They've just published their annual report and revenues are up by £38.1bn to £574.9bn. Not only are they pursuing in new and innovative ways, they've also slashed their costs by closing offices and shedding staff. The effect of this being that their ability to deal with queries has diminished. By way of example, we sent a letter to HMRC on 5th April 2017 and I had a call on Wednesday (19 July) to say that they would now deal with it. Conversely, where there is a Revenue generated issue (an enquiry), they are, in may cases, pursuing formal action within 2 weeks of asking for something. I related in an earlier article the story of our white van man being accosted by compliance officers after being flagged down by the police. Another newish idea is for HMRC to get the merchant credit and debit card records for a business. They then send a general letter which looks fairly harmless but if ignored could come back and bite if HMRC decide that EFTPOS transactions have been omitted. They are also looking to check land transactions notified by the land registry and compare those with Options to Tax and then challenge if no VAT was included in the sale. This last point is fairly obscure but illustrates the point. We have no answers other than to recommend that you are ready to make a robust defence if challenged.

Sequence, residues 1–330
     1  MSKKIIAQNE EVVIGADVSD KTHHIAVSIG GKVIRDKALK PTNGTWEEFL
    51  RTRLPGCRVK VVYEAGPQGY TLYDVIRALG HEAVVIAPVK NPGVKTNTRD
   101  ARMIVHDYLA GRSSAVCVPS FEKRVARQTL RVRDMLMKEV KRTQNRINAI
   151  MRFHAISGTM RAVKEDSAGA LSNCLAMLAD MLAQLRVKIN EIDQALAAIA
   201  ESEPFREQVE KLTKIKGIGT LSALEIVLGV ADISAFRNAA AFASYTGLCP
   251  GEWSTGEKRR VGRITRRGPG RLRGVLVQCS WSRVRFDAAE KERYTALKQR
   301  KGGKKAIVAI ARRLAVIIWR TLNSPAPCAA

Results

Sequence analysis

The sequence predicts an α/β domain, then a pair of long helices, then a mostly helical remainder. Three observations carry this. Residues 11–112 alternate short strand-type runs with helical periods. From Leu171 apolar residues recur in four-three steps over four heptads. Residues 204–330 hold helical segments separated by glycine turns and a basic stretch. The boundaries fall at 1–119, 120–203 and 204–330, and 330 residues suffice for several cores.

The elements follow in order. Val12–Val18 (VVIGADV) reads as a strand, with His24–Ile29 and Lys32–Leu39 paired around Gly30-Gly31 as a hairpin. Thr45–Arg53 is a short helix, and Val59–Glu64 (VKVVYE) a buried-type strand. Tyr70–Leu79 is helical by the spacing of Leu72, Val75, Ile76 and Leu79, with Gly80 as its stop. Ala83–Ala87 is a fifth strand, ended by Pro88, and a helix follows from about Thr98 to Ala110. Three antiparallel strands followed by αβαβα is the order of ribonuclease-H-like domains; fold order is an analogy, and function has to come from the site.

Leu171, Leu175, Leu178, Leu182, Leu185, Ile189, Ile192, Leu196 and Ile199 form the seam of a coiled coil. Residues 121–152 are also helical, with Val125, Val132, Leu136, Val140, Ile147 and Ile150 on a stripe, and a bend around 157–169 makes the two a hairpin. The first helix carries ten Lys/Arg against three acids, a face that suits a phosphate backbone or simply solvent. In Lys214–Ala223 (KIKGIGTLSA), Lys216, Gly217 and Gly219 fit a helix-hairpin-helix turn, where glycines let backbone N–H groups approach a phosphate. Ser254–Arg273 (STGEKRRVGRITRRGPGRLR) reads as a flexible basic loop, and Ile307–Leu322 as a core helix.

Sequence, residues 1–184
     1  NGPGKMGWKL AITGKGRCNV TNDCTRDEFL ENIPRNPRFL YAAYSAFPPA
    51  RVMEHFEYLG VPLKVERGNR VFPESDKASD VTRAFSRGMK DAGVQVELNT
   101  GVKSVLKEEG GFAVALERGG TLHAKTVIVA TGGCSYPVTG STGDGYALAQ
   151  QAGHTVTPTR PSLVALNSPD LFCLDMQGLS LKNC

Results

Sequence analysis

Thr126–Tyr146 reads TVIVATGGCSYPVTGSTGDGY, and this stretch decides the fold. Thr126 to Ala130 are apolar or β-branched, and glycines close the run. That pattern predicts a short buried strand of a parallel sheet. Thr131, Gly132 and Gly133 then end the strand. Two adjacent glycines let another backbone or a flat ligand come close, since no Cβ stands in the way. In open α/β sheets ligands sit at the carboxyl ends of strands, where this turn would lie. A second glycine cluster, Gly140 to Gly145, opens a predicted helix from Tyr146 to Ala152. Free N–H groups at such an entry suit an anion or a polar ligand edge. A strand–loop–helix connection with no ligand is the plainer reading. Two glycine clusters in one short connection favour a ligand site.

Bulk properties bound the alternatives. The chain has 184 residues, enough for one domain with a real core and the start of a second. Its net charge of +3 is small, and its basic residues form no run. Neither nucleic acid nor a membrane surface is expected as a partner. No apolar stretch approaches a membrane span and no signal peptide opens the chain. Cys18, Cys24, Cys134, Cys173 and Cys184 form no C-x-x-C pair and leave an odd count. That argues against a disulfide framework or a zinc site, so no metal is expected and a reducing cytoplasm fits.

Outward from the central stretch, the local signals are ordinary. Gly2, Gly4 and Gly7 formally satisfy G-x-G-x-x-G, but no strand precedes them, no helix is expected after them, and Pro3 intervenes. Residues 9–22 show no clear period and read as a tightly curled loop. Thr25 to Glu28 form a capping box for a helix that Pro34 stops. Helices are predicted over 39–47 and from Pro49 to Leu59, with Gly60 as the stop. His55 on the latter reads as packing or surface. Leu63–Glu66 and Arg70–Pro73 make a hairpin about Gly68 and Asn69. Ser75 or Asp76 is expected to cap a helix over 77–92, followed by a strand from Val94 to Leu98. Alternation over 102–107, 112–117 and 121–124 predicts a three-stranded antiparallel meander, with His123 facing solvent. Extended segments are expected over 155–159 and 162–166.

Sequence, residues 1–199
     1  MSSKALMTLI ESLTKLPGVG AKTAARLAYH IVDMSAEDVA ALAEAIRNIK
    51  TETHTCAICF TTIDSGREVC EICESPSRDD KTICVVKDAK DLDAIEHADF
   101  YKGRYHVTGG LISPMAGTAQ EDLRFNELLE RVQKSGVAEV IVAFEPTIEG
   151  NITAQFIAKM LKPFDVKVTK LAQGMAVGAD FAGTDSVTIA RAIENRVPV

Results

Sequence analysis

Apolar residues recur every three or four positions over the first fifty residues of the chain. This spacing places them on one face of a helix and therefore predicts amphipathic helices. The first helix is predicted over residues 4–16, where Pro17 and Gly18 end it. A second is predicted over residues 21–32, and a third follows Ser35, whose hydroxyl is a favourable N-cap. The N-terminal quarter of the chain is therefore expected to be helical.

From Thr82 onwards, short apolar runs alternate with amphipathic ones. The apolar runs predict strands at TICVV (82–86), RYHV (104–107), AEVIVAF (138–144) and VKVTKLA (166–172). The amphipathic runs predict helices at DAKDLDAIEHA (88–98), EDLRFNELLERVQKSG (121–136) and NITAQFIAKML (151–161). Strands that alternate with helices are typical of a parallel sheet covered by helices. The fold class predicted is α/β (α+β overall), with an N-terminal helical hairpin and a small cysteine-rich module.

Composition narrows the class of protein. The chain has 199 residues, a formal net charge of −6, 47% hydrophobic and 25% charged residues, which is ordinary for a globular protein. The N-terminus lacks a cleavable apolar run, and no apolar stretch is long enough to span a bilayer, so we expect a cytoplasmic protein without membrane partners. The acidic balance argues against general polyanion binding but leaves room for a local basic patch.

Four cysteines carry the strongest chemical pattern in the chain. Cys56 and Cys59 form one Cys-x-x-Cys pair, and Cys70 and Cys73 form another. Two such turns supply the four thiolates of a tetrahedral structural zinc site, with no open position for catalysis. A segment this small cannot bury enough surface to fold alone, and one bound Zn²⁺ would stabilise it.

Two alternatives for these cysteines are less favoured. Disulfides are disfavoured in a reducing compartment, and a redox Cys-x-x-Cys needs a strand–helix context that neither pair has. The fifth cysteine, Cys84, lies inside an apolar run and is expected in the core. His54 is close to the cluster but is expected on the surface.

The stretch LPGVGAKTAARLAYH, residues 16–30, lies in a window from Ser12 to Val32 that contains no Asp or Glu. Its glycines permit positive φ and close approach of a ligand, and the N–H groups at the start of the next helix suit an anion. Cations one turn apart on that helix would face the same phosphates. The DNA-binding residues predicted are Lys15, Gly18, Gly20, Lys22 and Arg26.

When our client, let's call him Stan, first told me about what happened to him a few weeks ago, I wondered if he had been the victim of a scam to get his identity information but subsequent events indicate that it was genuine. Stan's work entails driving over large swathes of the country in a transit type of van so he could be categorised as 'white van man' by the 'non cognoscente'. Stan was driving in Kent and was flagged down by a police man who informed him that he had been spotted further back not wearing seat belt. Our client argued that this was wrong and the 'spotter' was mistaken. The policeman invited him to argue when the fine inevitably landed on his door mat. He then said to Stan that he wanted to introduce him to Mrs HMRC Inspector. She then proceeded to ask Stan the following questions: Are you self employed What is your Tax Reference What is your National Insurance number Do you employ anybody What is your PAYE reference Are you VAT registered What’s the VAT number Like most of us he knew some of the answers, but not all. She promised to check his answers. In the car park where he had been pulled over were a few other parked commercial type vehicles with some unhappy looking drivers. Stan has subsequently undertaken a seatbelt awareness course, so it looks like a genuine strategy by the local police and HMRC and an attempt to catch non registered businesses.